A local project monitoring the use of different bat boxes within different area of the Country Park
What is it all about
Aaron Middleton is co-ordinating a programme which involves the installation and biannual checking of artificial bat boxes within Muiravonside Country Park (which is managed by Falkirk Community Trust), with the aim of establishing a better understanding of bat roost preferences for artificial boxes in the Central Belt of Scotland.
The three types of boxes used were: natural handmade wooden boxes, handmade wooden boxes painted black, and Schwegler 2F boxes with a double front panel. The handmade boxes (natural and painted) were made as the result of several training workshops initially delivered by Echoes Ecology Ltd and, more recently, BatAbility Courses & Tuition, who have facilitated training for Scottish Waterways Trust’s Canal College which is a pioneering skills, work experience and employability programme that provided hands-on work experience for young people aged between 16-25 who were not in employment, education or training. Echoes paid for the purchase of the Schwegler boxes. In adition to the ongoing monitoring programme, the bat box scheme is also used in conjunction with training and education programmes.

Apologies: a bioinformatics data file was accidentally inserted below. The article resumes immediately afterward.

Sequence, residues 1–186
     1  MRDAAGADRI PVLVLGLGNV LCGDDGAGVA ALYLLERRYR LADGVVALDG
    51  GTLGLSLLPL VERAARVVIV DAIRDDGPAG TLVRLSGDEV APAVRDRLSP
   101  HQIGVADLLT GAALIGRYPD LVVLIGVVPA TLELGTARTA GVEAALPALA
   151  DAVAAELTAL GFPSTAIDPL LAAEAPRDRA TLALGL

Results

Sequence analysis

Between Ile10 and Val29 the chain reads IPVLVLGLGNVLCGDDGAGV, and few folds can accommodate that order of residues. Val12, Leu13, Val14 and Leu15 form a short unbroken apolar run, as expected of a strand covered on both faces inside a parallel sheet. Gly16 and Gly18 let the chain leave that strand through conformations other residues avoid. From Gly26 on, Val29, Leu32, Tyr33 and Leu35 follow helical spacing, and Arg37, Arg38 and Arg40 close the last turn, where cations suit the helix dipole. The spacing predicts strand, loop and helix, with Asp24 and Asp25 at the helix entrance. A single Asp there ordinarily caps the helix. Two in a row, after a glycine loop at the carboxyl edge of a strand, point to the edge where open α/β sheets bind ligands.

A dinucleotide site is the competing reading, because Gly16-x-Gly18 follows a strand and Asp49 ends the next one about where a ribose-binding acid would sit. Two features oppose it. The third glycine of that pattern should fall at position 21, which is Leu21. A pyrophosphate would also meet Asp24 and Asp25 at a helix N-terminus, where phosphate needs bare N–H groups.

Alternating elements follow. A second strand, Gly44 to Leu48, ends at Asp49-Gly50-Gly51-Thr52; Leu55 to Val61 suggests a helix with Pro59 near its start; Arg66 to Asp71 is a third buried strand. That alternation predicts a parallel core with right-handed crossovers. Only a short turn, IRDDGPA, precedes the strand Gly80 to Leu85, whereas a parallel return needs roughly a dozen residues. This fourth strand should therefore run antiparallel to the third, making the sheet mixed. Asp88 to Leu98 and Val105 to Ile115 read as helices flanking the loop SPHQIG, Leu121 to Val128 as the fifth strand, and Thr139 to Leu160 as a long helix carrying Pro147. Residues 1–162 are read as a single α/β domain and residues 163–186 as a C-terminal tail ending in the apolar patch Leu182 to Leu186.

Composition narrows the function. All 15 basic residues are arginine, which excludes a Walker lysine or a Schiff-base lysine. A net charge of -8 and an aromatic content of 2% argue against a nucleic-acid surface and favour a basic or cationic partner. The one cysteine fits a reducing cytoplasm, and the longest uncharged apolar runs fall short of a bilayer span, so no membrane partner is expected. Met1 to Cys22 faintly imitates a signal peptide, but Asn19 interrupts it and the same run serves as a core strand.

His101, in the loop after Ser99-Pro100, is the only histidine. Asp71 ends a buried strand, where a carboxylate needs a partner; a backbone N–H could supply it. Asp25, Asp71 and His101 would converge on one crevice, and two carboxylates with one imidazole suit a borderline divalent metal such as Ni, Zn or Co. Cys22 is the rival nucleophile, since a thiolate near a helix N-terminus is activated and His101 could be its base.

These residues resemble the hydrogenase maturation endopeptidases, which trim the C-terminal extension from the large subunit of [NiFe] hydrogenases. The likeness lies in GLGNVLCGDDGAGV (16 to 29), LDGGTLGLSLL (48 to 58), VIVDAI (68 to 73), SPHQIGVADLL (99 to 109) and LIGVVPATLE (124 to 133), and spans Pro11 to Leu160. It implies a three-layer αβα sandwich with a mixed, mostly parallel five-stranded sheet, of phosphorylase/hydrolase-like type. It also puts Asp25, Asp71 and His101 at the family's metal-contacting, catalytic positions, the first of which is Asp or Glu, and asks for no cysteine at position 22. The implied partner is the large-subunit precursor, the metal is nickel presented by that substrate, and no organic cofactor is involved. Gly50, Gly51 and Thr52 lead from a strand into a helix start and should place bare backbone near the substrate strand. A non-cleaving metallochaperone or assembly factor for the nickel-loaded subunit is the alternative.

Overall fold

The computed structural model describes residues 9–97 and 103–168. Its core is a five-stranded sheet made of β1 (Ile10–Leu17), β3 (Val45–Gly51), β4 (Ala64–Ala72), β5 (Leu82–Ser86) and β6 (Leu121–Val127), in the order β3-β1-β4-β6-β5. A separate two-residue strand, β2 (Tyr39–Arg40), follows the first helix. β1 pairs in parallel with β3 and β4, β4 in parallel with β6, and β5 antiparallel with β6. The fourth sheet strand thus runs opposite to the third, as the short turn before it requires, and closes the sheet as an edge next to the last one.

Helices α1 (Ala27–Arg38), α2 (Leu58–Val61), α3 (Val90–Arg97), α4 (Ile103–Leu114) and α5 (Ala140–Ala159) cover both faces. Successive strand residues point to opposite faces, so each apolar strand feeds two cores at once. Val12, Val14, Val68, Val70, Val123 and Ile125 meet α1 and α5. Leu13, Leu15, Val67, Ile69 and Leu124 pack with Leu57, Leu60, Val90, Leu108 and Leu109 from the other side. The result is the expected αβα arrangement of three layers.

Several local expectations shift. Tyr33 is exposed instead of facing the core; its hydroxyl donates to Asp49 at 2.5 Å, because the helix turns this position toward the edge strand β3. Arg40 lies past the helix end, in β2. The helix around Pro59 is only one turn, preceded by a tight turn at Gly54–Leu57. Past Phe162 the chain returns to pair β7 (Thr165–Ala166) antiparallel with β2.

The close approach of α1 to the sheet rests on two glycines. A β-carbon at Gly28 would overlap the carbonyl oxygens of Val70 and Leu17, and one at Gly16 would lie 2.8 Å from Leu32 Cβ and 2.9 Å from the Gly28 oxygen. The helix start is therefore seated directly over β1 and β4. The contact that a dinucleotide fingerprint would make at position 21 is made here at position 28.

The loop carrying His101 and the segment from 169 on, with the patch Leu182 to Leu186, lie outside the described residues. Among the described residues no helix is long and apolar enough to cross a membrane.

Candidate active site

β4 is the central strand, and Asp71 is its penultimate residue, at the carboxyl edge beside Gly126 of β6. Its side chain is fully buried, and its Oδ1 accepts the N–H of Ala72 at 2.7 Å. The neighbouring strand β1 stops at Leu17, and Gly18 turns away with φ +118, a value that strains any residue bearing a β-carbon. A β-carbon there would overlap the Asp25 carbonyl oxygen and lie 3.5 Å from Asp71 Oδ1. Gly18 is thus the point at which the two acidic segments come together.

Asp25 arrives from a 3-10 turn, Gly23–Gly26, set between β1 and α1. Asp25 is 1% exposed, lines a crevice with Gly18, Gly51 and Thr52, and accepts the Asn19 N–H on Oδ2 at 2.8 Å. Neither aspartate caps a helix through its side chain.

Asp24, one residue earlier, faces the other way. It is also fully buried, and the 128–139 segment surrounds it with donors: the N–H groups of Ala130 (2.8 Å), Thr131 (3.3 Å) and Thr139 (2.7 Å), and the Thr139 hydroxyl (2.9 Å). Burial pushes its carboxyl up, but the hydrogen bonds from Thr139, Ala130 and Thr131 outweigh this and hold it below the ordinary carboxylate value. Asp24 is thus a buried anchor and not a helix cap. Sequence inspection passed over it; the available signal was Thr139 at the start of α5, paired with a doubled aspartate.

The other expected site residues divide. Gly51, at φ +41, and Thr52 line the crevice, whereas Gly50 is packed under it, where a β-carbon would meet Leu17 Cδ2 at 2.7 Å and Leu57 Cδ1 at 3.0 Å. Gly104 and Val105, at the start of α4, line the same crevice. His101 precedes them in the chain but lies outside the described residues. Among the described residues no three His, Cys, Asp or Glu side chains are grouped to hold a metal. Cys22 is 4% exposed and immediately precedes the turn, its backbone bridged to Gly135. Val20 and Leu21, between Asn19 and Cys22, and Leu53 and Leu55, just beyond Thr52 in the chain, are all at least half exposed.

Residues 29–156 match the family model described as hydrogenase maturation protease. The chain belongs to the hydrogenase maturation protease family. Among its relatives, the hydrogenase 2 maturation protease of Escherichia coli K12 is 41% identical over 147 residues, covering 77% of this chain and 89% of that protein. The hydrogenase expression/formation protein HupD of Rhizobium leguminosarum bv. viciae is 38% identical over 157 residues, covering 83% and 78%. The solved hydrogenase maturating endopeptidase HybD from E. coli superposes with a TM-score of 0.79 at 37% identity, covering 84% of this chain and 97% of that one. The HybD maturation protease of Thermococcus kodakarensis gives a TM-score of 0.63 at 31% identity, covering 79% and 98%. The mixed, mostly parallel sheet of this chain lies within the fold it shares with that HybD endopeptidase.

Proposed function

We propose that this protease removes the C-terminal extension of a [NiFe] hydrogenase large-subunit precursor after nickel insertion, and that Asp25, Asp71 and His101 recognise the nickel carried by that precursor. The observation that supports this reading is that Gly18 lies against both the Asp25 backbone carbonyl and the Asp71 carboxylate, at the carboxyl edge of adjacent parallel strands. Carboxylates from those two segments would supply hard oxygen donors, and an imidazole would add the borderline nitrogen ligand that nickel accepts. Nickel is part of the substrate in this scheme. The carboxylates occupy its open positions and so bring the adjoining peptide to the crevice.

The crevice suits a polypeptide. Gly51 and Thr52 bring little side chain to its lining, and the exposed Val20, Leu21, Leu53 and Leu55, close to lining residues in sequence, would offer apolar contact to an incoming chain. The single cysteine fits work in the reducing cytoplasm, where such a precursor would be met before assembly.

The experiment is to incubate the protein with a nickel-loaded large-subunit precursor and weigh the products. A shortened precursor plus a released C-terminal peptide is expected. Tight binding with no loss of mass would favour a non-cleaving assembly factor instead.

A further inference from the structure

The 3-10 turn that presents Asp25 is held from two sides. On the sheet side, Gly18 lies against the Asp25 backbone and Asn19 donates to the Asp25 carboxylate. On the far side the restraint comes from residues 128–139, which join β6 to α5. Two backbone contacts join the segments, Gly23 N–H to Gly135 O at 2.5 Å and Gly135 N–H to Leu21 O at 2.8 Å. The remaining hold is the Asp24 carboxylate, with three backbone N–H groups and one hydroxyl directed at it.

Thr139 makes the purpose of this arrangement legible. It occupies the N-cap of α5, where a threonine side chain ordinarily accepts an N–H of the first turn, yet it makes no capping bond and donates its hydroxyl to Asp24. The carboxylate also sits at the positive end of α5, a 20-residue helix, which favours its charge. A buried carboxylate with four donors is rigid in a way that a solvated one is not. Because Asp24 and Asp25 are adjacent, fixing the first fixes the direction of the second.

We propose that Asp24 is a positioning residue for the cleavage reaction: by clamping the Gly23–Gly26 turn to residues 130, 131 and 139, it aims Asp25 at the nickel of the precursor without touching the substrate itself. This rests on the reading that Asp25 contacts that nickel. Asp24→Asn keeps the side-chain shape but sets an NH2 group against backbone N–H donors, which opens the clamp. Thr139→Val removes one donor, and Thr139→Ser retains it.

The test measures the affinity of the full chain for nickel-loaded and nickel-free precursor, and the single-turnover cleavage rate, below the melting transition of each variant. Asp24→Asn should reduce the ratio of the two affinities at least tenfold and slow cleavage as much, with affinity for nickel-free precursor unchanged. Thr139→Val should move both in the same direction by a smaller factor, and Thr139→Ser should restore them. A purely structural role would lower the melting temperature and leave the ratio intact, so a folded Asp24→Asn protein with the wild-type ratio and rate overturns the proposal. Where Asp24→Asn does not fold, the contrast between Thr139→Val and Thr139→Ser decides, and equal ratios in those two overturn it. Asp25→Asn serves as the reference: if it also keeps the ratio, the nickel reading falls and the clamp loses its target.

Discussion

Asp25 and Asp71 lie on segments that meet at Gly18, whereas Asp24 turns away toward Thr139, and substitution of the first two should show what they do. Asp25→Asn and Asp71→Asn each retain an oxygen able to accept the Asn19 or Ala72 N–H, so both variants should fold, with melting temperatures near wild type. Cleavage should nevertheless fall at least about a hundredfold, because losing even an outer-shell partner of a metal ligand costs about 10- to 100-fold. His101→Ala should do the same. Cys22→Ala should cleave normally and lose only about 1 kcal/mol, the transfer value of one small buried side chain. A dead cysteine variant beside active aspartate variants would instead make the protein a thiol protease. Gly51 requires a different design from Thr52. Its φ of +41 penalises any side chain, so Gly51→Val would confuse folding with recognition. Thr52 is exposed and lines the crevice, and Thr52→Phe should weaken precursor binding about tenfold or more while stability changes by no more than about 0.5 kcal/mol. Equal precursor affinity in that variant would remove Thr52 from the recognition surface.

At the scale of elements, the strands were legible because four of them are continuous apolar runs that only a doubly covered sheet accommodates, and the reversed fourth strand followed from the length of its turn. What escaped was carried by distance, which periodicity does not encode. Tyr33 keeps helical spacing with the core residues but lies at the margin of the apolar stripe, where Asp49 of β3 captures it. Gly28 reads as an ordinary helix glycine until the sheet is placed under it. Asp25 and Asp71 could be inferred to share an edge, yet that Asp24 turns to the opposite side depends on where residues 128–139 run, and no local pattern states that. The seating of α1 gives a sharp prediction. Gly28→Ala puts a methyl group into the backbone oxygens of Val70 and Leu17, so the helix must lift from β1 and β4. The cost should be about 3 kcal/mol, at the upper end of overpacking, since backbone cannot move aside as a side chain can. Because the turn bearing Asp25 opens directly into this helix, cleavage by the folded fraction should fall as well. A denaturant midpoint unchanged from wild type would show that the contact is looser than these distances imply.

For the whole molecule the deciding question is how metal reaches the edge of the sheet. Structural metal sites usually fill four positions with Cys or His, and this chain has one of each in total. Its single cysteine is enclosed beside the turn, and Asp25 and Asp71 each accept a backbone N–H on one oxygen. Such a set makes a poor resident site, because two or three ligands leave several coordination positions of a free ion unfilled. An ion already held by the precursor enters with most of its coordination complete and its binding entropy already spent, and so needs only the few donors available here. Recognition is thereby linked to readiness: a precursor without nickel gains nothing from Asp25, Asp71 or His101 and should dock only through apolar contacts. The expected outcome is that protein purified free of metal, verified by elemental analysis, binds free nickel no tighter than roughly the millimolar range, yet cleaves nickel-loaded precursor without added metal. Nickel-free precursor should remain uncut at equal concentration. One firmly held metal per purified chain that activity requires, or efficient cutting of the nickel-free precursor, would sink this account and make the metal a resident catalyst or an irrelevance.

Four areas were selected, and in each area bat boxes were installed on three trees; on each tree three different types of box were installed around three aspects of the tree (the west, the south and the east facing sides). A total of 12 trees were selected and overall 36 bat boxes were installed. The aspect that each type of box was installed on was altered between the three trees within each area, so for example, on Tree 1 the Schwegler box was on the east face, the painted box was on the west face and the natural box was on the south face; on Tree 2 the painted box was on the east face, the natural box was on the west face and the Schwegler box was on the south face, etc.
The four areas of trees are spread throughout the country park. Area 1 is adjacent to the River Avon Heritage Trail (S), on a small hill above the river; the trees chosen are in edge habitat. Area 2 is also close to the River Avon Heritage Trail, north of Area 1. These trees are on a level with the river and are within a small woodland. Area 3 is within a woodland at the south-west of the country park and away from running water. Area 4 is within a woodland at the north-west of the country park near a small burn which flows into the River Avon.
The bat boxes are being monitored twice a year, in early summer and autumn, and the numbers and species of bats in the bat boxes are being entered into a spreadsheet so that a comparison can be made over the years to see if there are any trends evident.
Two visits have been made since installing the boxes in October 2015 (in May 2016 and October 2016) and although it was not expected to record occupancy so soon, so far six soprano pipistrelles (Pipistrellus pygmaeus) have been recorded using three separate Schwegler boxes each on a different aspect within two separate areas. Bat droppings were also found within Schwegler boxes in the other two areas. No evidence has been found to suggest bats are using either the natural or the black painted wooden boxes yet.
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